The first page of today’s New York Times describes Columbia, SC as "an ideal listening post. According to a range of indicators assembled by Moody’s Economy.com — from job growth to change in household worth — this metropolitan area came closer than any other to being a microcosm of the nation over the last decade." What makes it typical?
The Carolinas may conjure thoughts of textile mills and tobacco fields, but Columbia has a diverse economy. The state is a major employer. So is the university, along with hospitals and banks. The Fort Jackson Army base employs 9,200 people. United Parcel Service has a regional hub here. Michelin operates a tire factory next door in Lexington County. The Computer Science Corporation develops software north of the city.
If that’s the mix that makes Columbia typical, it raises an interesting question about the current economic difficulties. The votaries of President Obama suggest that the troubles are primarily in the private sector. There was speculative excess and a lack of regulation that led to the crisis, and to a middle-class squeeze that has lasted several years. But what if part of the problem is that the public sector, and the service sector has grown too big to be supported by the rest of the economy? Note that only Michelin and the software company actually made something. And what if it is regulations in the use of land, in employment, in how to minimized the impact on the environment that, as much as anything, has caused America’s industrial and agricultural base to shrink?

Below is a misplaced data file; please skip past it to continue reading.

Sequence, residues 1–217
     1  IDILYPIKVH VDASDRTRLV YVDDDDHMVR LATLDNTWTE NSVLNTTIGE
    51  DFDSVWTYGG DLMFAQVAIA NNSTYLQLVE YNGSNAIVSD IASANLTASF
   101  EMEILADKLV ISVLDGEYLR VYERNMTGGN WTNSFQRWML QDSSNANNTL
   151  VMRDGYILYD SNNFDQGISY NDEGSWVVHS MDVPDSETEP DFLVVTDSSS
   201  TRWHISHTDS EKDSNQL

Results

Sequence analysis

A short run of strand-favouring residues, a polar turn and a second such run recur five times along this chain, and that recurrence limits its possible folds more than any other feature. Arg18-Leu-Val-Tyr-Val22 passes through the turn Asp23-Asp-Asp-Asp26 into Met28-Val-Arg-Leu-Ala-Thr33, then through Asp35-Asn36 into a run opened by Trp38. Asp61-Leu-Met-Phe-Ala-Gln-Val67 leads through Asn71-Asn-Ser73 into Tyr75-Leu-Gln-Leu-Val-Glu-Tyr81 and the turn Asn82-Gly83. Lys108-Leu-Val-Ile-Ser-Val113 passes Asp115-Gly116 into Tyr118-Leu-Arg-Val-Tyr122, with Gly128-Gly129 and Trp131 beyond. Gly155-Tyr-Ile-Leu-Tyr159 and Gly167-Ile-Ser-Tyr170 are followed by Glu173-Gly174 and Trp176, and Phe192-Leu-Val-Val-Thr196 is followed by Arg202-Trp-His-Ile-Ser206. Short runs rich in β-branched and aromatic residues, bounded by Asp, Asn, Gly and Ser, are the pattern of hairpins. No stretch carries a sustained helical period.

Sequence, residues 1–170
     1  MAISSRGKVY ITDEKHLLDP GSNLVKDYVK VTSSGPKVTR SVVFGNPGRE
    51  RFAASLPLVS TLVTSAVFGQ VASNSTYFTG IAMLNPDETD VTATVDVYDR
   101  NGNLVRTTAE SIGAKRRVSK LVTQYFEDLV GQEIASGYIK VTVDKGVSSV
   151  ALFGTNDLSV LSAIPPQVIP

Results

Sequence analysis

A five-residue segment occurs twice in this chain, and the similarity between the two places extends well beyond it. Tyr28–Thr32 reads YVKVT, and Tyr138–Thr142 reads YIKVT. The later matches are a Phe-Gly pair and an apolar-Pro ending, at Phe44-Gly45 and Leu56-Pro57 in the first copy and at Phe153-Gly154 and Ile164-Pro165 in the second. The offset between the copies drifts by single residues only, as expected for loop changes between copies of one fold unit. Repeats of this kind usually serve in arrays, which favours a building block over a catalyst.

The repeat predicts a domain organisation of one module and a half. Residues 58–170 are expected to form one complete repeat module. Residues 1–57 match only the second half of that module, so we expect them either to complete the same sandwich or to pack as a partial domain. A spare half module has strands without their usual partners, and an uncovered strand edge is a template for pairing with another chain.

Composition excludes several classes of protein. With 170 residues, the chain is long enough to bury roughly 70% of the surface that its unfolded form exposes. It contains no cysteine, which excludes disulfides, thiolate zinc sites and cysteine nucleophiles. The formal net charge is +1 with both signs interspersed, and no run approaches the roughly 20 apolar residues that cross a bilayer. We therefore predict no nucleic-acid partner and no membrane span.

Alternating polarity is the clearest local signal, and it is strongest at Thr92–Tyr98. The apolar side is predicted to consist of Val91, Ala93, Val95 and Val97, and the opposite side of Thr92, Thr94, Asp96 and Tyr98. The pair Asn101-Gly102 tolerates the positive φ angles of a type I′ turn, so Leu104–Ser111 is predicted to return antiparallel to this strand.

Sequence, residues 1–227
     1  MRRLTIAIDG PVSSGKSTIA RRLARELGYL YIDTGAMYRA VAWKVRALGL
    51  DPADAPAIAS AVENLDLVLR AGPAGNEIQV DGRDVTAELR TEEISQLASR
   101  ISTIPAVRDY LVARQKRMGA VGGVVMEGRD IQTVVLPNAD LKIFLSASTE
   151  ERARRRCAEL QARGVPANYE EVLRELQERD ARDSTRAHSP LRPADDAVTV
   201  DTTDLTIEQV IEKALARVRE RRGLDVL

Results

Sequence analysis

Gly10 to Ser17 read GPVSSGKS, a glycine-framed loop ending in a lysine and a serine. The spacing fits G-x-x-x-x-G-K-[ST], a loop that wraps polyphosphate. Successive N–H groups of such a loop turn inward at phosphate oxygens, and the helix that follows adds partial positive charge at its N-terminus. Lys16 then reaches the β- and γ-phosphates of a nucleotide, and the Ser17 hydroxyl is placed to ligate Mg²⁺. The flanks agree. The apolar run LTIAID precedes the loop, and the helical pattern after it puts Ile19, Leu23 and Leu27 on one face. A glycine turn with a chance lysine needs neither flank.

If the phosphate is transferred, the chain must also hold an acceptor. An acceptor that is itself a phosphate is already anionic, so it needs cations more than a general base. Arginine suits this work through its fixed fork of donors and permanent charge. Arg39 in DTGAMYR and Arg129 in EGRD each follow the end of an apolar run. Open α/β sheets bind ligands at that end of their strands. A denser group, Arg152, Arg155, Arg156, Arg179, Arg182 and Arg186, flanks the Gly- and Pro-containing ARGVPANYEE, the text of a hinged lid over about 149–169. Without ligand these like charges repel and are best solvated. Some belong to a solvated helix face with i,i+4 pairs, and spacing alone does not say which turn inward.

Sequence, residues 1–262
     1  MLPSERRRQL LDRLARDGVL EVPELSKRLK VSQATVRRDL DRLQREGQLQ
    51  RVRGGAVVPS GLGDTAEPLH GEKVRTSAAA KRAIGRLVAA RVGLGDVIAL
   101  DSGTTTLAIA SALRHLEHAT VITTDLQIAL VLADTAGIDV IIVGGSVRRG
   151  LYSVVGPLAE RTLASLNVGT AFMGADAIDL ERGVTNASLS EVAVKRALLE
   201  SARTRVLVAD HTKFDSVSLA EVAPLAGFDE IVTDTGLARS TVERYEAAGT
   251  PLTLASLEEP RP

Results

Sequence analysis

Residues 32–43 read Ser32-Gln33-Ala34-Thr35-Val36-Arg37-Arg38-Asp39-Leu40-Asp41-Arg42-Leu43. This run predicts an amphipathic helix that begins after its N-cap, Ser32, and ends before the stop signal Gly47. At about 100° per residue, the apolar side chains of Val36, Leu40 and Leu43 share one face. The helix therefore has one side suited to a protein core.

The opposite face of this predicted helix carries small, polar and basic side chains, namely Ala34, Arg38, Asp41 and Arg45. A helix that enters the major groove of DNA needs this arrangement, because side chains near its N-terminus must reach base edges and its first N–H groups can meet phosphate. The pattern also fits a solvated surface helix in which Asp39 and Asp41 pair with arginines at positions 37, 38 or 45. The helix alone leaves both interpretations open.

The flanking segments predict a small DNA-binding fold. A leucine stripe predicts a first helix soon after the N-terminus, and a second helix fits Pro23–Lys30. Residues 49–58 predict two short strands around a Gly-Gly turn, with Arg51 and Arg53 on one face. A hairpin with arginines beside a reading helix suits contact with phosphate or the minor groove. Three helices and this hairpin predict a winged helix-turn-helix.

Given the options, it is prudent to give Obama’s view a try. From his perspective, the problem is that the economic model America has developed since the 1980s is no longer functioning. But what if the problem is that the model we’ve had since the 1930s is the problem? After all, viewed from the perspective of the US as it appeared in 1929, in terms of regulatory bureaucracy, labor law, environmental law, the size of our manufacturing and agricultural sectors, etc., rather than from the perspective of those who wish for ever more laws and regulations, the changes Reagan made were minor. If the problem is that in the US to a certain degree, and in Europe to a greater degree, the modern social welfare state is not viable in the long term, it will be even harder to get out of the current mess than many suggest.